Barack Obama and I go back to the same summer when we were born into the sixties, the age of Aquarius.
So we were young when "The Yellow Submarine" movie came out, when the moon landing happened and when Richard Nixon resigned. I have been marking him pretty closely since that euphoric, bone-and-blood chilling day five years ago when he was sworn in as president. He was the first of our generation, born after 1960, and we all had high hopes and dreams for him -- me and my beloved community.
The speech he gave that day was grim, what with the economic downturn and all. Still, soaring words were the young president's coin of the realm, the reason he got elected with such a slender portfolio. Strange that he didn't use his words that day.
So as I say, I watch Obama like a hawk, not just what he says and does, but what he doesn't say and do. No question that he is exceptionally gifted. Robert Gates, the former Secretary of Defense, states in his new book, "Duty," that he has never seen anyone (with no experience) take the mantle of executive authority so well. No question he has a beautiful mind. No question he gracefully carries all his burdens. He does us proud.
And yet. After 2013 passed with no points on the board, Obama really needs a win or two in his sixth year in office, 2014. In this town, with this Congress, the perception of the president getting precious little signed into law will soon lead to the reality.
So I was pleased to see him acting more like a politician early this year, in a good way, going out to states like Michigan and Maryland, to talk to "folks" -- farmers, factory and store workers. He needs to get his name out there (no joke), define his agenda and overcome bad press after the troubled Obamacare rollout. Here in Washington, he must overcome his aloof image among Democratic lawmakers. He finally reached out, inviting House Democrats over for a drinks party at the White House. Good move, yet why was that so hard?
Obama has assembled a smarter, savvier team in the White House, notably John Podesta, former chief of staff for President Clinton. Better late than never; Obama's political talent absolutely must be harnessed by people who understand how the game is played, people who realize Obama will not change the culture of Washington, as he was so fond of saying once. He actually believed it, too.
My cautious optimism for the new year lasted past a strong showing at the State of the Union. However, in recent days, three bad things have happened for the president. No Republicans took the road trip for the signing of the farm bill, a heavily freighted and contested bill that took two years to make -- sausages and all. That was cold on their part, an unmistakable signal that they have no love or even like for Obama.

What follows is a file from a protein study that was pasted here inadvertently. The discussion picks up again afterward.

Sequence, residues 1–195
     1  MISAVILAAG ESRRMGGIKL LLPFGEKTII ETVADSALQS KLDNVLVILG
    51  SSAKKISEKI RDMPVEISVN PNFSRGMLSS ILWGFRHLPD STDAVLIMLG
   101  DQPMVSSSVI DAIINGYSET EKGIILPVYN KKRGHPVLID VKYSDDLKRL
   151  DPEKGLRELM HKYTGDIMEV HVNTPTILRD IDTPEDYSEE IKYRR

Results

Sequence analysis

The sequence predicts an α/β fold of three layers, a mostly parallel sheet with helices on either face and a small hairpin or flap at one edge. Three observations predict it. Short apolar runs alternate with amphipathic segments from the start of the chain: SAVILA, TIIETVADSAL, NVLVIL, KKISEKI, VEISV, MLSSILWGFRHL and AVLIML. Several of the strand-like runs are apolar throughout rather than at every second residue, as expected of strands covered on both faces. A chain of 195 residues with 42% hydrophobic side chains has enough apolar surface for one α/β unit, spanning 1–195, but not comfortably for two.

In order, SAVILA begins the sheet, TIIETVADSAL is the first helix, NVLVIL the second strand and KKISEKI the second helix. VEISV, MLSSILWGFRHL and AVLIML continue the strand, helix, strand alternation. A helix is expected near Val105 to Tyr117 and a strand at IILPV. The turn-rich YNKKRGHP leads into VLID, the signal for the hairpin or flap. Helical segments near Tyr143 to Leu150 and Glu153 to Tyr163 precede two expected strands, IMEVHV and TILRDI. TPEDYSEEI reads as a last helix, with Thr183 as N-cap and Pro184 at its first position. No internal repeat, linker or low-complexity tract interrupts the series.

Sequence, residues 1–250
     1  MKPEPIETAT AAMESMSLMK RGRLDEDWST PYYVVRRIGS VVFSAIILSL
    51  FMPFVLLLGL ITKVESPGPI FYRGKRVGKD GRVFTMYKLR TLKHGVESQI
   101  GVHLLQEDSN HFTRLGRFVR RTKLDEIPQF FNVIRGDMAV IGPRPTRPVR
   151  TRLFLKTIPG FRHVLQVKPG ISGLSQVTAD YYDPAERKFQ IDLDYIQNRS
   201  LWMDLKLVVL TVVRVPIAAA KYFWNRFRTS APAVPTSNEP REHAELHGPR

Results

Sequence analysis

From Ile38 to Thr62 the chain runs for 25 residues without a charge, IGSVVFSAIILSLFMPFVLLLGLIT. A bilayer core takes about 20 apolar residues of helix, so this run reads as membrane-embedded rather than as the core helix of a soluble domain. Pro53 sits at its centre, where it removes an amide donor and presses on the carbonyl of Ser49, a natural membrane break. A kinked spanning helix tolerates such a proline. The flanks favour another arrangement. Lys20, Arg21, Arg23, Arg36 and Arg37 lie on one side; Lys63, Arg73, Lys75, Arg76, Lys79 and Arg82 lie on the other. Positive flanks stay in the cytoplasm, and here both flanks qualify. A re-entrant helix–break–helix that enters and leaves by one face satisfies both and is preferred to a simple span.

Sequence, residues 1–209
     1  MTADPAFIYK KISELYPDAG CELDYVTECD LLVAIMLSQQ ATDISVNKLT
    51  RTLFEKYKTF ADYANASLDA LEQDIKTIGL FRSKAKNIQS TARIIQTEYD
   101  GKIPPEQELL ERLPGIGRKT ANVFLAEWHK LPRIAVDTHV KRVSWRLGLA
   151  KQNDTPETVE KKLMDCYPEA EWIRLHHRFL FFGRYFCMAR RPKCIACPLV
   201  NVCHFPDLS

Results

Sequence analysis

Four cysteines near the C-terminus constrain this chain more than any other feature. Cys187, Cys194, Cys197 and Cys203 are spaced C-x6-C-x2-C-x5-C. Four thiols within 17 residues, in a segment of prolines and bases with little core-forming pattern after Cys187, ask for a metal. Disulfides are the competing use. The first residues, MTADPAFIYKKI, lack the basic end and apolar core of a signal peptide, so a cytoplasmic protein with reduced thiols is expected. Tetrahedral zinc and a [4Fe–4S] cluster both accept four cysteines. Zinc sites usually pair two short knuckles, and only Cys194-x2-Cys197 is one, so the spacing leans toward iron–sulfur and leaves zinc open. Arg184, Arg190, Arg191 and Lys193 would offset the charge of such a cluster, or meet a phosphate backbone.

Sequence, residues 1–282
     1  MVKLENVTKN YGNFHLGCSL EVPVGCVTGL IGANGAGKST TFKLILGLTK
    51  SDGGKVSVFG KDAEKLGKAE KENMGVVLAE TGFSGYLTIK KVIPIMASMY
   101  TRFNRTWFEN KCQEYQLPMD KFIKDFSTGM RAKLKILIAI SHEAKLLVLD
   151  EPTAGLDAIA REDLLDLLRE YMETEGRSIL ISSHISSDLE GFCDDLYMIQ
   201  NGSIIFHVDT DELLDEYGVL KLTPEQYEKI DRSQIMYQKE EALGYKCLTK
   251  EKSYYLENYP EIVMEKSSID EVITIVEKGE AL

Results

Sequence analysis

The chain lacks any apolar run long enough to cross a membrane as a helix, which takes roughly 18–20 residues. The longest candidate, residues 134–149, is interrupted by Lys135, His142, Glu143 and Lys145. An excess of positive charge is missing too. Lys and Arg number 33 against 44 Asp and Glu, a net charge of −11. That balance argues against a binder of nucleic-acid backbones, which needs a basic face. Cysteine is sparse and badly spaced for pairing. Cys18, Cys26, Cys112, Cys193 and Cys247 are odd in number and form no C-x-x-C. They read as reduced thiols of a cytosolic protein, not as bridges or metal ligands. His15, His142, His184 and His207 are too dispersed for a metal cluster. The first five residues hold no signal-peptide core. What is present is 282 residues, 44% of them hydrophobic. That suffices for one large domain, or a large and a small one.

Second, as if to underscore this, House Speaker John Boehner insulted the administration in recently announcing there would be no meeting of party lines on immigration. That was one policy area where agreement looked possible. But no: no amnesty, no bargaining, no deal. Boehner, the son of a barkeep, seemed to pride himself on being rude to the president in adding the White House could not be "trusted" to enforce new immigration laws.
I think it's time Obama stopped pretending to be friends with the speaker. He needs to be clear that Boehner does not wish him or his presidency well. Instead of complaining about "Washington" all the time, he should say what he means: "House Republicans." The nation needs to be reminded every so often of the tough crowd that shut down the government last fall.
Finally, an unfortunate vote in the Senate on extending unemployment benefits this winter came up one short. That was a concrete, tangible vote that could have delivered something that really mattered to people in need. Obama made a point of mentioning it in the State of the Union. His own street cred suffered a bit when this snowball melted.
Raising the minimum wage, another sensible Democratic proposal Obama championed in the State of the Union, looks unlikely to pass as well. Some Southern Democrats in the Senate aren't buying it.
Foreign policy may be the thing to write home about in the second term thanks to John Kerry, the secretary of state Obama was practically forced into appointing by Sen. John McCain, who opposed his first choice, Susan Rice. Kerry's sense of clarity and urgency is refreshing, isn't it?
Bad things come in threes. To reverse the direction the year is taking so far, Obama should stay energetically engaged in the art of politics, keep track of friends and enemies, and perhaps press harder on partisan warfare. Just a suggestion, as my favorite editor used to say when something definitely needed to be done.